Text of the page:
What to Know About Sealing a Deck
It may not be at the top of your summer to-do list, but deck sealing is a chore you don't want to skip. We've all seen one—a gray, weathered deck with an aged look that channels the opposite energy of the lively and fun feel you want from an outdoor (and properly sealed) deck. Sure, there's a place for that weathered wood look, but a sun-scorched deck can drastically reduce your home's curb appeal. Plus, this visual indicates a deeper issue at hand, as a neglected deck is more likely to fail prematurely, leaving you with major expenses and potentially putting your family, guests, and pets in danger.
Avoid the unsightly appearance and great risk that comes with a weathered deck by keeping your deck properly sealed. While deck sealing requires a little elbow grease, it's surprisingly simple to complete yourself. Plus, once you see the glisten and glow of a properly sealed wood deck, all that work will be more than worth it. Read on to learn everything you need to know about deck sealing, from how to seal a deck to which types of stains and sealants to use and when the ideal time to get the job done is.
What Does Deck Sealing Mean?
As the word sealing gets tossed around rather loosely in the DIY and home improvement world, it's important that we definitively explain what it means to seal a deck. Most wooden decks are constructed using softwood, such as pine. Because pine is readily available and much more affordable than hardwood, it's perfect for this sort of construction. But because of pine's soft nature, it's much less durable than hardwood and its moisture and UV resistance is less than ideal. To compensate for this, wood decks are sealed with different types of deck sealants. While the sealants are not permanent and have to be reapplied, they offer protection to the wood and protect against rot.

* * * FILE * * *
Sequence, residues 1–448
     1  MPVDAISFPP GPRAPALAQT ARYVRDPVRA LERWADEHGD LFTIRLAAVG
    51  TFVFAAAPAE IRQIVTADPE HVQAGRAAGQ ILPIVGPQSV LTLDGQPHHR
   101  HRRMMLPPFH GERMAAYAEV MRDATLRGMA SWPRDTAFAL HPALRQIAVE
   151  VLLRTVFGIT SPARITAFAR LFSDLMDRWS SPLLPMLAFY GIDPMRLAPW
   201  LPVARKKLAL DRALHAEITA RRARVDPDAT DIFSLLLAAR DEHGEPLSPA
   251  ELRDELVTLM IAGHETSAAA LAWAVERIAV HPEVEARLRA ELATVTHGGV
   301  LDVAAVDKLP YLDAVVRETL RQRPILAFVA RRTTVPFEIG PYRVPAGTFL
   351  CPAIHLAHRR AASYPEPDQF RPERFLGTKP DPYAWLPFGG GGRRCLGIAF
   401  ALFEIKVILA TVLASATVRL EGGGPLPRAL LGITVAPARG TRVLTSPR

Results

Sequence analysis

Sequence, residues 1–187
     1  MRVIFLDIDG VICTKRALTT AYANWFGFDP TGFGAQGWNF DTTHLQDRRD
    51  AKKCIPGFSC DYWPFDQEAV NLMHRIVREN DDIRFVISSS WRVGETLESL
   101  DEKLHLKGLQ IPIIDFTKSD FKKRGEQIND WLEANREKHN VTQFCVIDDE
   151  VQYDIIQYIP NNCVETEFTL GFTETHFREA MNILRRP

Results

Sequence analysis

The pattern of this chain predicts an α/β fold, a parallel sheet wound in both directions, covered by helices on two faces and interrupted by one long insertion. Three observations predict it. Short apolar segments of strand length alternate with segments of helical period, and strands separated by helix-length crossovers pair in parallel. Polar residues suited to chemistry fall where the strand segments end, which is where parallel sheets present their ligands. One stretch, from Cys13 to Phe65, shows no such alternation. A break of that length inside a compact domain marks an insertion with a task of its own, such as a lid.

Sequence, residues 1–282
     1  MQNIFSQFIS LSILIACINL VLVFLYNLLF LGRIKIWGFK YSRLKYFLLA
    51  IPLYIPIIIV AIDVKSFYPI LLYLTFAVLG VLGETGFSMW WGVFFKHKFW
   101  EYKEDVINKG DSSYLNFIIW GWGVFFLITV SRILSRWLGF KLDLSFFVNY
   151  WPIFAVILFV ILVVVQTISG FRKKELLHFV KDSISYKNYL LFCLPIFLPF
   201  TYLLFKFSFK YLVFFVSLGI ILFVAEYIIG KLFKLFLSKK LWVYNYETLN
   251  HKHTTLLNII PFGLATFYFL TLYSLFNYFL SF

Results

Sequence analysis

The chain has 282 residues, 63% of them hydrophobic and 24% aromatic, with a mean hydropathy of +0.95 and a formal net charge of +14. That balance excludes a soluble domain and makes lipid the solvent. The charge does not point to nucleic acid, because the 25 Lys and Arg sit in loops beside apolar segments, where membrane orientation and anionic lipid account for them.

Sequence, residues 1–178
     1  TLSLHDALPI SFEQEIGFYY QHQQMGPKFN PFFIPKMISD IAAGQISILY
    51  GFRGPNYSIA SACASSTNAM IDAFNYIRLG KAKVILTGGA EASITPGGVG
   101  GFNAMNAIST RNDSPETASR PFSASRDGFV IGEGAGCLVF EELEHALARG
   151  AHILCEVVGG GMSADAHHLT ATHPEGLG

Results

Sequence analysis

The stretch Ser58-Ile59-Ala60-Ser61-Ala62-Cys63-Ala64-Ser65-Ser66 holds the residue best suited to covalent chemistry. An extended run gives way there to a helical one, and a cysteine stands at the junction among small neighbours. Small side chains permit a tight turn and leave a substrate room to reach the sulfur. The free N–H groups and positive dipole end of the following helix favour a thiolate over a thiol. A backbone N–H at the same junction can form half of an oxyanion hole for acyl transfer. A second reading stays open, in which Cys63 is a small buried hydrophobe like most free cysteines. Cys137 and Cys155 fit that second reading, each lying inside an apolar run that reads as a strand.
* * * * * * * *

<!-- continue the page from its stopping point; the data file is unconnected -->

Staining vs. Sealing
Though often combined and confused, there are major differences between stain and sealant. The major visual difference is the presence of pigment. Sealant will sometimes have pigment that will color the wood when applied, but stain will always have pigment. Additionally, the levels of protection vary between the two products. Stain offers little to no moisture protection, while sealant offers tremendous moisture protection. Conversely, clear sealants offer little to no UV resistance, while the pigment in many stains can act as a UV barrier for the wood.
To protect your deck from both moisture and sun damage, you need to first stain it, then follow that with a clear sealant. You can now find modern products that combine stain and sealant to make complete deck protection a one-step application process, after the necessary prep work. Look for staining sealants that specify both UV and moisture protection, then reference the manufacturer's instructions for application.
How Much Deck Sealing Costs
The average cost of getting your deck sealed by a professional is around $900, though your actual cost will vary by your location, the size and condition of your deck, and other factors. Since tackling this job yourself will save you anywhere from 50% to 75% of the overall cost, according to HomeAdvisor.com, sealing your deck is a relatively affordable way to increase your home's curb appeal and protect your investment in a deck. The cost of materials will be determined by the size of your deck and the quality of the materials you choose to use. We recommend skipping the bargain deck sealants and opting for something of higher quality, as these products will typically offer better and longer-lasting protection.